I had not imagined opening my blog writing about such a complex and explosive topic (unfortunately, this second attribute can also be understood literally). But well, life is full of surprises, good and bad surprises. So were the last days in Brazil.
To mention, here are some events that occurred during this week in Brazil:
- The biggest demonstrations since 1992, took place in more than 100 cities, with more than a million people.
- Many of them demonstrated against the rise of ticket fares in public transportation, and demanding for a better education and improvements in the health system.
- There were also people who shouted out “Nenhum partido” (Without any party), and claimed for the impeachment of President Dilma Rousseff.
- The human rights commission (Comissão de Direitos Humanos e Minorias – CDHM) of the Brazilian Chamber of Deputies led by the evangelical minister, Marco Feliciano, approved a measure to allow treating homosexuality as an illness.
- The majority of protesters were peaceful. However, a violent minority devastated the Legislative Assembly of Rio de Janeiro, causing a damage estimated in 2 million Reais. Vandalism occurred also in other cities. Some public buildings got attacked, cars were burnt and stores were plundered.
- Police forces acted brutally violent, and were totally overpassed by the situation during, and especially after, the demonstrations. After situations had got out of control, they started firing teargas and rubber bullets, even on totally peaceful people (obviously not every policeman acted violently, as not every protester acted peacefully). But you can’t speak of a minority here. During and after the demonstrations, some city centers turned into scenarios that seemed as being in civil war.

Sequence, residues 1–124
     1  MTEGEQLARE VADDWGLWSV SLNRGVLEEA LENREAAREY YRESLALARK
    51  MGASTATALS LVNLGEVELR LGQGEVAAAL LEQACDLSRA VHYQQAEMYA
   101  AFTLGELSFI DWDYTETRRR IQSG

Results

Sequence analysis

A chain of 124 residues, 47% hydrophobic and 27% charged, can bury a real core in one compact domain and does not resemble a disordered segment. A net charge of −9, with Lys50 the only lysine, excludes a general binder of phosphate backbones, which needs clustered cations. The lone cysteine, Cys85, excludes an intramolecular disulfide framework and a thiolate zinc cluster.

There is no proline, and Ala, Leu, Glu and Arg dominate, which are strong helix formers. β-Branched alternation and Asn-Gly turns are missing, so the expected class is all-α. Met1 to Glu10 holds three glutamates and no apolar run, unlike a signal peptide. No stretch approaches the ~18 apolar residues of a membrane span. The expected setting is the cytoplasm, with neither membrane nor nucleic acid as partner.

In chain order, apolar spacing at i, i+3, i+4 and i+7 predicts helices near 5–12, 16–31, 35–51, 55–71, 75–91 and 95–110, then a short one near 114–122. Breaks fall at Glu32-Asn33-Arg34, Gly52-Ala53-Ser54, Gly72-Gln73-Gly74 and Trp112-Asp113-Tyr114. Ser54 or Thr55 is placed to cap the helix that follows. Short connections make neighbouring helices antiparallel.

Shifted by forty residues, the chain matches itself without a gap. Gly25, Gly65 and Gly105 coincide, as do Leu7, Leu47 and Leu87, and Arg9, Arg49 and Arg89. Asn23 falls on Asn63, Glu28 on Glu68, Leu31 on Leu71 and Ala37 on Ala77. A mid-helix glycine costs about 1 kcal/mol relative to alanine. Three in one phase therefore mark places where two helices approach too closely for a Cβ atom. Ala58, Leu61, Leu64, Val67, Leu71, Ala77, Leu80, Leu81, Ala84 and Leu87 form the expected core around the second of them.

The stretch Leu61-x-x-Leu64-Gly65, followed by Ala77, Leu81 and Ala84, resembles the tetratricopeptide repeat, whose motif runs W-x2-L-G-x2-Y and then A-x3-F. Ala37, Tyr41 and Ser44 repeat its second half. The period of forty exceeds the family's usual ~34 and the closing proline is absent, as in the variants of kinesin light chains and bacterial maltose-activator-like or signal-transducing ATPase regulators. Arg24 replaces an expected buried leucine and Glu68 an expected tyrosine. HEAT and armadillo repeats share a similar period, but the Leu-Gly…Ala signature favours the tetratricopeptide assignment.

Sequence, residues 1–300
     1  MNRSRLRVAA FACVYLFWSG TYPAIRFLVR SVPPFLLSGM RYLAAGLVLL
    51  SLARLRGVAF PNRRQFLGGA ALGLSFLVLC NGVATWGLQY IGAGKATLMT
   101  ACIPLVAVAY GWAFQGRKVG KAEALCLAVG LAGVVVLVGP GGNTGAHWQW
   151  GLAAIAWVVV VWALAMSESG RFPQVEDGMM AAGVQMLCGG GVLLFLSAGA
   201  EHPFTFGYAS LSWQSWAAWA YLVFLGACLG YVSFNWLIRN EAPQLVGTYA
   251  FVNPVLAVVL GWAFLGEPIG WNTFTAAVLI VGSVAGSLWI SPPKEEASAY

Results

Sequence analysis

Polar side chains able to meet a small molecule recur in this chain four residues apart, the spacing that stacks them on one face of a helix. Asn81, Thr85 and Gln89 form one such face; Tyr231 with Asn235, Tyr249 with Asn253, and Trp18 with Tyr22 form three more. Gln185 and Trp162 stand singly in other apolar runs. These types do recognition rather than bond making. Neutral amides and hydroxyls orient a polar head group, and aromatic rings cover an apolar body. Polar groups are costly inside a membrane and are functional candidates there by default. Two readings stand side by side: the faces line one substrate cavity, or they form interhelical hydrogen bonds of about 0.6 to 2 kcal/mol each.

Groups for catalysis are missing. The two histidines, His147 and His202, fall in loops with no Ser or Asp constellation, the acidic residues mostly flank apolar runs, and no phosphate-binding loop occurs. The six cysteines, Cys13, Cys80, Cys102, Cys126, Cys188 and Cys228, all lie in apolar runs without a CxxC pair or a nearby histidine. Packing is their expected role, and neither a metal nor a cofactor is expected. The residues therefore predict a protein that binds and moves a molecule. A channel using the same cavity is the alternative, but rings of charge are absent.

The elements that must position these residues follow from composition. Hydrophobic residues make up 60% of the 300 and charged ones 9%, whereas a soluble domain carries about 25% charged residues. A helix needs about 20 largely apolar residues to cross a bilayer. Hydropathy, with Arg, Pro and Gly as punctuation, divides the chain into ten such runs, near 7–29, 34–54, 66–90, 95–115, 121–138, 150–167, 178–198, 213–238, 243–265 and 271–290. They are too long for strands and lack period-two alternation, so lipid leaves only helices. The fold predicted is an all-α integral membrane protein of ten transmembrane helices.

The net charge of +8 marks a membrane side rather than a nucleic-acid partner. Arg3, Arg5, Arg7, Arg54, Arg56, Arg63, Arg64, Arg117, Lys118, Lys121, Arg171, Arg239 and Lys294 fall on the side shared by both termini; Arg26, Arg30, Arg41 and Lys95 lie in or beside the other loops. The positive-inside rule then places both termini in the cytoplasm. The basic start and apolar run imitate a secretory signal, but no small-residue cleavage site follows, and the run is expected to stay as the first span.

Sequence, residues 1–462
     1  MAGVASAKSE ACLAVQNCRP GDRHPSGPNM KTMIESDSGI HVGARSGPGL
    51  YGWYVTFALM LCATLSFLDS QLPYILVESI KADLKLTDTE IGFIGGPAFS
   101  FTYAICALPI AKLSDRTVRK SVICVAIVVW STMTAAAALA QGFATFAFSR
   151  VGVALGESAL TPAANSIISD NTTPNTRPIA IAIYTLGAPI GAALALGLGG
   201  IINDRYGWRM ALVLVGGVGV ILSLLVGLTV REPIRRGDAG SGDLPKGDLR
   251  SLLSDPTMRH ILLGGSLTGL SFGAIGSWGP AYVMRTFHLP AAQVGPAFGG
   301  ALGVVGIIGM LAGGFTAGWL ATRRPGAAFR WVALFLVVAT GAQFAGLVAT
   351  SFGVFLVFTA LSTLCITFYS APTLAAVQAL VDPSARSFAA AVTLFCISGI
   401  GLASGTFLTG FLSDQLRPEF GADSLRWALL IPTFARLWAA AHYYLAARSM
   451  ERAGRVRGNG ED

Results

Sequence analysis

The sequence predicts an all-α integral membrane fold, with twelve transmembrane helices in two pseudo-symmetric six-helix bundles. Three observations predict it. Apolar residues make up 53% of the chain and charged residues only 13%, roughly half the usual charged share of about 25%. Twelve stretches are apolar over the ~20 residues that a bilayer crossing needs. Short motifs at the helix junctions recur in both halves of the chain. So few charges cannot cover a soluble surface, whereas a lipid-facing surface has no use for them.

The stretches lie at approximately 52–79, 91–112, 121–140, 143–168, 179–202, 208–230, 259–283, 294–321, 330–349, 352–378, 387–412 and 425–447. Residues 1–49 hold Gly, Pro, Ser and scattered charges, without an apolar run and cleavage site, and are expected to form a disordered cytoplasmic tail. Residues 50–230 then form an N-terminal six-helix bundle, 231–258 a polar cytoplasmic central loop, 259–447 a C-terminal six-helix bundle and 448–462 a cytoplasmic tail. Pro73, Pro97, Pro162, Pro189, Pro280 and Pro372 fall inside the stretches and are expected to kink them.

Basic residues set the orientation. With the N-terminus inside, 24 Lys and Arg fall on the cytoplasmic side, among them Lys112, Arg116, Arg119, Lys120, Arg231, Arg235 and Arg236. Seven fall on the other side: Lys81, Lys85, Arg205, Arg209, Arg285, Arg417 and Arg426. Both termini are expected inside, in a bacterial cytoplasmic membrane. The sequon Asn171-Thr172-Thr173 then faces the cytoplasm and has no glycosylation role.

Those are only some facts and incidents among thousands of others.
I’m here in Niterói (a town 13 km from Rio de Janeiro), trying to understand a bit of what is going on, and so does almost everybody here. But it’s difficult.
Who is fighting for/against what/whom?
That’s an essential question that arose, but by now, I suppose no one can answer it. The media can’t, the politicians can’t, even the protesters can’t.
This has been the first time that I have been following a movement so intensely by social media, reports by friends, participating and also by “traditional” media. And although I theoretically should know it through my studies, I still was surprised how much information distributed by personal conversations and social media, differs from what traditional media tells about the situation.
I’m trying here to relate how I experienced this historical week.
I cannot provide an overview or an opinion about the whole situation. (If you want such, you’ll have to gather as much information as you can, by videos, “official” and social media, etc.)
This post just provides some impressions of what I saw, read and heard here.
It’s designed for those who don’t know much about the protests so far.
In another post, I will report my experiences at the demonstration that took place at the night of 20th June.